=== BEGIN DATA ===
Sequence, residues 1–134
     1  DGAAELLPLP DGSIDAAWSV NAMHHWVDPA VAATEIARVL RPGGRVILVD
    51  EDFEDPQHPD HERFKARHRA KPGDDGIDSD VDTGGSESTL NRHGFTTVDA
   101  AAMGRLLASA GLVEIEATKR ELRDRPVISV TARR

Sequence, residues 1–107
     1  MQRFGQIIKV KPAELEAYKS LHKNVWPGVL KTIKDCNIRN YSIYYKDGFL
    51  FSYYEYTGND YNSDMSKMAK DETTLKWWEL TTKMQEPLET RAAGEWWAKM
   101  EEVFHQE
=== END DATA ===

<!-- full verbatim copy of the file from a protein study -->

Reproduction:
Sequence, residues 1–134
     1  DGAAELLPLP DGSIDAAWSV NAMHHWVDPA VAATEIARVL RPGGRVILVD
    51  EDFEDPQHPD HERFKARHRA KPGDDGIDSD VDTGGSESTL NRHGFTTVDA
   101  AAMGRLLASA GLVEIEATKR ELRDRPVISV TARR

Sequence, residues 1–107
     1  MQRFGQIIKV KPAELEAYKS LHKNVWPGVL KTIKDCNIRN YSIYYKDGFL
    51  FSYYEYTGND YNSDMSKMAK DETTLKWWEL TTKMQEPLET RAAGEWWAKM
   101  EEVFHQE